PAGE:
Orwell says somewhere that no one ever writes the real story of their life.
The real story of a life is the story of its humiliations.
If I wrote that story now–
radioactive to the end of time–
people, I swear, your eyes would fall out, you couldn’t peel
the gloves fast enough
from your hands scorched by the firestorms of that shame.
Your poor hands. Your poor eyes
to see me weeping in my room
or boring the tall blonde to death.
Once I accused the innocent.
Once I bowed and prayed to the guilty.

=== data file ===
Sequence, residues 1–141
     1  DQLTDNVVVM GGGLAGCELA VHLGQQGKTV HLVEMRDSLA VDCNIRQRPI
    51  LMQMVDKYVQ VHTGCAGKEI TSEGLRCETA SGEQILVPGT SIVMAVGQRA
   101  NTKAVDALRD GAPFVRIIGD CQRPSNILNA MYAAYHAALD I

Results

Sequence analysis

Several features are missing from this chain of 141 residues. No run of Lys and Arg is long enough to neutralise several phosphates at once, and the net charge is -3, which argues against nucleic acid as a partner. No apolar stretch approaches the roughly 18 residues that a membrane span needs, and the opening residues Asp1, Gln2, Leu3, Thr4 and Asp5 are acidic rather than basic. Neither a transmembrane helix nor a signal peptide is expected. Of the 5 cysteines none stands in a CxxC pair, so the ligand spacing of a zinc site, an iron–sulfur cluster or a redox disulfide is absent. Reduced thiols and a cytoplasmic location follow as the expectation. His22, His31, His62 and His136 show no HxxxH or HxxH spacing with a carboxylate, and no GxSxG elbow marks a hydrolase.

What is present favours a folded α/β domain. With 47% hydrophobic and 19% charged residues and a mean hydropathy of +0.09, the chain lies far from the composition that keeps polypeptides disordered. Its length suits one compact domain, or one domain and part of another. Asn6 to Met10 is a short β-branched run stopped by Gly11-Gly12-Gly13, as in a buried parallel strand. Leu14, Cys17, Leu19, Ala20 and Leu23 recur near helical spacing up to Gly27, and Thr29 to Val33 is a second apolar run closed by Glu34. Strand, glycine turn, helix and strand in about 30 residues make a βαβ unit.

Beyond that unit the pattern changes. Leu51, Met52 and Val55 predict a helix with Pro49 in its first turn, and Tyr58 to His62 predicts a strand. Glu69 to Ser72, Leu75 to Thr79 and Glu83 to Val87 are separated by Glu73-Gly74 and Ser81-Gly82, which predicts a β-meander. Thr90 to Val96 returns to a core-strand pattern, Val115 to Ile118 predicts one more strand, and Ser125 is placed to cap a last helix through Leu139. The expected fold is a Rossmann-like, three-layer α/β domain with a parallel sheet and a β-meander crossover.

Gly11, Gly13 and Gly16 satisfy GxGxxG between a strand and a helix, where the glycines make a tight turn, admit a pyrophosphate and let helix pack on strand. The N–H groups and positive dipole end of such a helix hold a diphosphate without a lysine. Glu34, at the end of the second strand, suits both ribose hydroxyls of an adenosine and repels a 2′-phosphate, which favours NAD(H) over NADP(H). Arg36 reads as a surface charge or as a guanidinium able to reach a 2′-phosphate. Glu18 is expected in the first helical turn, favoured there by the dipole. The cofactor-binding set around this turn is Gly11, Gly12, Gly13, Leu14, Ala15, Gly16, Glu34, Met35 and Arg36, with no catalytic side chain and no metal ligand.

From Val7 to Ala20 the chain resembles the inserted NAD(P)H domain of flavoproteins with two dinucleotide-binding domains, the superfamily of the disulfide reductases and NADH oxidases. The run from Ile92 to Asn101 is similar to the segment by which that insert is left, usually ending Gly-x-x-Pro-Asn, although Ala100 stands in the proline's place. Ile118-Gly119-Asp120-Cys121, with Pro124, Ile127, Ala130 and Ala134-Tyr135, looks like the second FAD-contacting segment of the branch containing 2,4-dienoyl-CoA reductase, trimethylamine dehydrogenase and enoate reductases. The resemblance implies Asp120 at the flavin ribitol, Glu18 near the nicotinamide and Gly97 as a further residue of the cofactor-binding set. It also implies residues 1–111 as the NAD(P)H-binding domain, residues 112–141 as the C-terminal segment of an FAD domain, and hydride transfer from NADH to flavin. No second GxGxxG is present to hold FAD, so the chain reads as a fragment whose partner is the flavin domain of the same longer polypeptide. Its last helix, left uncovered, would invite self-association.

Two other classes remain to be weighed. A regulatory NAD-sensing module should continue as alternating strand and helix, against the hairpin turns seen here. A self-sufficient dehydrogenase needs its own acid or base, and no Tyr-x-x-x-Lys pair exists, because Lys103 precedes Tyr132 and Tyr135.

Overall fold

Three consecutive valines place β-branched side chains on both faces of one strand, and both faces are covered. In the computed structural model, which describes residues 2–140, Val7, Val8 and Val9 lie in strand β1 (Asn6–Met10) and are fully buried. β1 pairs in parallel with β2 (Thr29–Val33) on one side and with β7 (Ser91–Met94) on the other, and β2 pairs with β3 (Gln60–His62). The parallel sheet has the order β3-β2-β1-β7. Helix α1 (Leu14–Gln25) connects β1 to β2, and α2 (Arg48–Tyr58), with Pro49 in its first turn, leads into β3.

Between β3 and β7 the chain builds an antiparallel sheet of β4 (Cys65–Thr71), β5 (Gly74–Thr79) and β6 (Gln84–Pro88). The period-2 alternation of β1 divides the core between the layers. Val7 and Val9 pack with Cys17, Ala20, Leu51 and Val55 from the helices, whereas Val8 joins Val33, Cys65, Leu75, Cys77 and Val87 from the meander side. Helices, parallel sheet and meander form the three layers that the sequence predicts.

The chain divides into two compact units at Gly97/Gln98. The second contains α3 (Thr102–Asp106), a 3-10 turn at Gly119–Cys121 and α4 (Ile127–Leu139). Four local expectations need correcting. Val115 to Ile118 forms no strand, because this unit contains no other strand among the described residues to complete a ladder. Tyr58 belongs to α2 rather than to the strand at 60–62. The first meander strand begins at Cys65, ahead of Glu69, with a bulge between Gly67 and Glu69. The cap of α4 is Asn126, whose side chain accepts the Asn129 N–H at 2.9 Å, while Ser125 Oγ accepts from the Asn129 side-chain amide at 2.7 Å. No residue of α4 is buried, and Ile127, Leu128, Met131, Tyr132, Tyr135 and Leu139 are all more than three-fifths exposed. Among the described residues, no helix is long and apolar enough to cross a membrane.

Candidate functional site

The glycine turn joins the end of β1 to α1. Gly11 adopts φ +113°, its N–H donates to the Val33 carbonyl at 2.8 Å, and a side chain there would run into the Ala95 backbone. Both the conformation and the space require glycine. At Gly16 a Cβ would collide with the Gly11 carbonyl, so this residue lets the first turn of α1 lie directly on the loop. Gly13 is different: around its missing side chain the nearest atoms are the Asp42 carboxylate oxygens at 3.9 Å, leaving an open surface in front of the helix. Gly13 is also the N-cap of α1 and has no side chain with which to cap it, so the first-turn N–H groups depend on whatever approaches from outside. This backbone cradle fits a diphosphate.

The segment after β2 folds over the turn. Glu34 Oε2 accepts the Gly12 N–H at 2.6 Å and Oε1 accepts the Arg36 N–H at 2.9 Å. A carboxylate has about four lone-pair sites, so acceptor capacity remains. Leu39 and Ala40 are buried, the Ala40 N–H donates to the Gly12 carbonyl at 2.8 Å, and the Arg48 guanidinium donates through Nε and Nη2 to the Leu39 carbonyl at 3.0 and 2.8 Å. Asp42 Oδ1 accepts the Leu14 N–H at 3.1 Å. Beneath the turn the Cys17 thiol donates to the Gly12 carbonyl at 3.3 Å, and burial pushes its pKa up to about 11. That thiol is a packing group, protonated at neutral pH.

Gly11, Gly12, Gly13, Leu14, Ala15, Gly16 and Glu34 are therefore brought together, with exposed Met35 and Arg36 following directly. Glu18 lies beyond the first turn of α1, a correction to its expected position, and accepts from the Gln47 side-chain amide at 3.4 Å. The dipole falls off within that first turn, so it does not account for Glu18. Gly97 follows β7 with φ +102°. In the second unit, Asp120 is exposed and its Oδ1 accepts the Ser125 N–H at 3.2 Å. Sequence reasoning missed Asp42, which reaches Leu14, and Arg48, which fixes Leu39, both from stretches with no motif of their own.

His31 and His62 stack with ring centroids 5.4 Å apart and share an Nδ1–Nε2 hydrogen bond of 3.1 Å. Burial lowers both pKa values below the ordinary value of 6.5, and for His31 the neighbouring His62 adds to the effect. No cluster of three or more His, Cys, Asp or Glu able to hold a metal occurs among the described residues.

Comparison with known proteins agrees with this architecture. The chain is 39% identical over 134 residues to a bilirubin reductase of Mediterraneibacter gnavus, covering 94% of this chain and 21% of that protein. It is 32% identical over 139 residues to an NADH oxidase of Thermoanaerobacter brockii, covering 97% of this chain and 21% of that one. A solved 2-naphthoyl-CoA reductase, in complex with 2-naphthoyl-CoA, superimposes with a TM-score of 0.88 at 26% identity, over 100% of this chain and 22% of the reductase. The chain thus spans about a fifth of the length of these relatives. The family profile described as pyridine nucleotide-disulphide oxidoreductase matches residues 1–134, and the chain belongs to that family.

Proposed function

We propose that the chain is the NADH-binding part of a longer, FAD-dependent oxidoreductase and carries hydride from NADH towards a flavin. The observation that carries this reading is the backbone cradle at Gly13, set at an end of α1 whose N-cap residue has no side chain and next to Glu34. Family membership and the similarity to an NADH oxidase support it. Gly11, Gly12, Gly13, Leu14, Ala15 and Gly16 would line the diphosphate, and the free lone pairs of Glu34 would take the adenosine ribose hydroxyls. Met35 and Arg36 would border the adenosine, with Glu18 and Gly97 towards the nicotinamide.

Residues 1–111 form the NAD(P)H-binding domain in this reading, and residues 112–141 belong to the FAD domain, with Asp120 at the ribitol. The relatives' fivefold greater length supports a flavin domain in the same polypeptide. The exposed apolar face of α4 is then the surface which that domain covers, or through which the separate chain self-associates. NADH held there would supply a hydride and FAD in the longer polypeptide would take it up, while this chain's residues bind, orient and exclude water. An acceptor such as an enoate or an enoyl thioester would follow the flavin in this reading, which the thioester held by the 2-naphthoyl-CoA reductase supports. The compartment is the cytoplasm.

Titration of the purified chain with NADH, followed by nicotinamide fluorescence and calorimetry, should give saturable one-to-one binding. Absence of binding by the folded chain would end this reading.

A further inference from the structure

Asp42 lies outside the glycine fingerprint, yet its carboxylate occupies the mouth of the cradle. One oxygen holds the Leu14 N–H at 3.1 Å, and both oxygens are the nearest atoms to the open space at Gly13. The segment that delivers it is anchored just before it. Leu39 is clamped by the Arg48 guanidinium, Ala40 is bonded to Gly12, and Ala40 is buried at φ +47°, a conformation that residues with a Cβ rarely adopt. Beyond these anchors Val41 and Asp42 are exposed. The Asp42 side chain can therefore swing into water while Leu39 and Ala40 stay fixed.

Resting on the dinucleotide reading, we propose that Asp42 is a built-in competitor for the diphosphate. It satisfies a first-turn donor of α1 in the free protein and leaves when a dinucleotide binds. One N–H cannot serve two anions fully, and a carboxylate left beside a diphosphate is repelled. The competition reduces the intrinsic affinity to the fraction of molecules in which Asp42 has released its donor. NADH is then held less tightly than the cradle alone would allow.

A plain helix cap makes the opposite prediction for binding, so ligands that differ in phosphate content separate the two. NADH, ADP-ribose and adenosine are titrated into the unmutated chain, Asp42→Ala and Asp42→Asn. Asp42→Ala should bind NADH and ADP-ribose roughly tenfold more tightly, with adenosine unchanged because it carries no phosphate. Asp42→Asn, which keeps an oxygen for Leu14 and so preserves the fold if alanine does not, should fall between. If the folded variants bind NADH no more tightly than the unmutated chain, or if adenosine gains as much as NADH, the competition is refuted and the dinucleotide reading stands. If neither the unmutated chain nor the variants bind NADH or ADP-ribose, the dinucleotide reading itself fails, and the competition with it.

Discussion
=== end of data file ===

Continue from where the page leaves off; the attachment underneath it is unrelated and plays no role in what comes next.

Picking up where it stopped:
I still wince at what I once said to the devastated widow.
And one October afternoon, under a locust tree
whose blackened pods were falling and making
illuminating patterns on the pathway,
I was seized by joy,
and someone saw me there,
and that was the worst of all,
lacerating and unforgettable.
– Vijay Seshadri, from The New Yorker, in The Best American Poetry, 2006
Five other poems by Seshadri are on the Poetry International Website, along with some biographical info.